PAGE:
Our second annual cash management scorecard suggests that Corporate America continues to let cash build on its balance sheets. The 1,000 large public companies tracked by REL Consultancy Group closed 2004 with more cash relative to their annual sales than they had in the prior year. That finding follows a similar one for 2003. On average, cash plus short-term investments rose to 11.4 percent of sales, up from 11 percent in 2003 and 9.7 percent in 2002.
According to most business economists, companies shouldn’t hold any more cash than they need to safely fund their operations, as equity investors bet that management will generate greater returns than those available on Treasury bills or other cash equivalents. The fact that cash is growing nonetheless means such returns are hard to come by, and that companies will face increasing pressure from those investors to return the money in the form of either higher dividends or share buy backs. Bond investors, on the other hand, may increasingly call on companies to pay down debt. REL calculates that if the average company in its 1,000-company universe had simply pared its cash levels to those in the lowest quartile of its industry sector by paying down debt, it could have boosted its return on capital employed to 15.2 percent from 14.0 percent.
That said, the overall increase in cash levels last year was moderate, and the rate of increase trended lower too. For the entire 1,000-company universe, the cash-to-sales ratio grew by only 4.1 percent from 2003 to 2004, after growing by 13.1 percent from 2002 to 2003 (see “Cash Is Still King,” at the end of this article).
Still, the findings reflect continued caution despite increased profitability and higher cash flows. In 2004, cash flow for the 1,000 REL companies grew to 2.4 times capital expenditures, up from 2.1 times in 2003 and 1.8 times in 2002. That suggests that managers have drawn one or more conclusions from the current environment: they foresee insufficient returns from new investment, are guarding against a downturn in business activity, or wish to build funds for future acquisitions.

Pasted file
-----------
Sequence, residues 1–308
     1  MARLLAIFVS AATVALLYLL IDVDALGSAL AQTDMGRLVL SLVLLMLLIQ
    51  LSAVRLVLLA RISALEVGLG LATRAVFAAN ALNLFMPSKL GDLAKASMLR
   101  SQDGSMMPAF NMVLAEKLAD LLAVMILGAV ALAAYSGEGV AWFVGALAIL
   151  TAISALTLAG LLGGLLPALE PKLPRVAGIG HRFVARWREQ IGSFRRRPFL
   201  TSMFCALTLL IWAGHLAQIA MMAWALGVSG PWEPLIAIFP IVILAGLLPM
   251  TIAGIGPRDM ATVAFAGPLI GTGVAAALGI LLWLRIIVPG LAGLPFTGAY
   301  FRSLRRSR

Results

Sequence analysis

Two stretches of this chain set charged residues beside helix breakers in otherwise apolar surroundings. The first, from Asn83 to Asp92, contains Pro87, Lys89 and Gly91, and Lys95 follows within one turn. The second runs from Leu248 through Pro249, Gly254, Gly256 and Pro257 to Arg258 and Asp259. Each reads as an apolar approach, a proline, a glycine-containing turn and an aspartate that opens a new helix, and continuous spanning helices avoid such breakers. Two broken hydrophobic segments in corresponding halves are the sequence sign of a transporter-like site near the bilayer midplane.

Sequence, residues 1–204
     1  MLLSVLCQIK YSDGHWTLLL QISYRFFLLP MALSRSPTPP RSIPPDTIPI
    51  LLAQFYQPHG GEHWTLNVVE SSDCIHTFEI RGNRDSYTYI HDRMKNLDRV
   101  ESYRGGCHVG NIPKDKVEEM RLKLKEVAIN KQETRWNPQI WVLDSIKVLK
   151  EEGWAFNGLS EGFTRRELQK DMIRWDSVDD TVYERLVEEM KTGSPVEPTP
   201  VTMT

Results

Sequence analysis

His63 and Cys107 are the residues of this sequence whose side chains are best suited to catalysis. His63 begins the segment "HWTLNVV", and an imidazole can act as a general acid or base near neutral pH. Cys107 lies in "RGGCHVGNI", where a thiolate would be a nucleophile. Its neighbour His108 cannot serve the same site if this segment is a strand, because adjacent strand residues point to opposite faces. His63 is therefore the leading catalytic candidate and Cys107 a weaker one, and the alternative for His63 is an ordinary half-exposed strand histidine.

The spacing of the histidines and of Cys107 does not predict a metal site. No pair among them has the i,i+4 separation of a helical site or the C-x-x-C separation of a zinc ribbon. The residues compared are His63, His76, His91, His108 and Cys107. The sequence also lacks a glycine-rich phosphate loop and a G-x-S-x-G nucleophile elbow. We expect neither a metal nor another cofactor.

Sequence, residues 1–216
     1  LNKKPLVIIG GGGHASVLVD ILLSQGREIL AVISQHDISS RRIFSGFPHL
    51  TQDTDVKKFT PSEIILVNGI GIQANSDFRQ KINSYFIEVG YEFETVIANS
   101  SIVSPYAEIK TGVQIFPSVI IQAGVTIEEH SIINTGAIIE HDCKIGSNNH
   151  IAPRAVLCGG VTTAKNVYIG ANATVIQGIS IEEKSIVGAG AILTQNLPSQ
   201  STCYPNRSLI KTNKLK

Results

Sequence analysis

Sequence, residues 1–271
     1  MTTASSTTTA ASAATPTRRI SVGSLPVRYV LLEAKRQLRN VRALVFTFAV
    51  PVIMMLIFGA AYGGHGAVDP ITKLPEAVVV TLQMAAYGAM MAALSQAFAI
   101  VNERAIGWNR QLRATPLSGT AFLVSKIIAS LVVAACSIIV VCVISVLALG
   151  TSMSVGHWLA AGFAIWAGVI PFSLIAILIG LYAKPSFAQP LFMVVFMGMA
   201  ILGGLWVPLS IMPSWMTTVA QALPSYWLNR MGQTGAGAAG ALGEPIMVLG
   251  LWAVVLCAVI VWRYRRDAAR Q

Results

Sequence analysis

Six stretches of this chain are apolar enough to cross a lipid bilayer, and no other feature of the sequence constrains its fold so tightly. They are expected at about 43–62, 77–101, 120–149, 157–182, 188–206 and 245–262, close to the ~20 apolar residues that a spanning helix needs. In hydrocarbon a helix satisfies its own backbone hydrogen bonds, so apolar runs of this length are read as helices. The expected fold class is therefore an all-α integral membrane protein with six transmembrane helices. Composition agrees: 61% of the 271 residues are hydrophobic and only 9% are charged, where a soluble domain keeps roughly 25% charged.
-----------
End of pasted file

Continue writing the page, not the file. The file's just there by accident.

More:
Proving the Rule
Consider the booming oil industry, where profits and cash flows have been soaring along with crude-oil prices. Among the major oil companies, the average cash-to-sales ratio doubled to 7.0 percent from 3.3 percent during the past two years. For secondary oil companies, the ratio climbed to 4.9 percent from 2.6 percent; and for oil-equipment and -services companies, it jumped to 13.3 percent from 8.6 percent.
Even the exceptions to this industry trend seem to prove the rule. For example, Dallas-based Lone Star Technologies Inc., a $967 million oil-equipment and -services firm, saw its cash-to-sales ratio slide to 7.9 percent from 23 percent during the past two years. But its total cash declined only a bit, as the principal reason for the sharp downturn in its cash-to-sales ratio was a growing denominator. The company’s 2004 revenues were nearly double the $524 million it posted in 2004.
Elsewhere in the industry, 75 percent of the companies in the oil-drilling sector shrunk their cash-to-sales ratios over the past two years. The average company in the group saw its ratio fall to 11.3 percent from 22 percent. Houston-based Transocean Inc., a $2.6 billion oil-and-gas-exploration company, experienced one of the biggest declines, with its ratio falling to 17.7 percent from 45.4 percent. Yet that, too, was not an indication of a company throwing caution to the wind. Vice president and treasurer Todd Kulp explains that Transocean has been taking advantage of its strong cash flows over the past few years to dramatically reduce its debt, which now stands at about $1.6 billion after topping $5 billion as recently as 2001.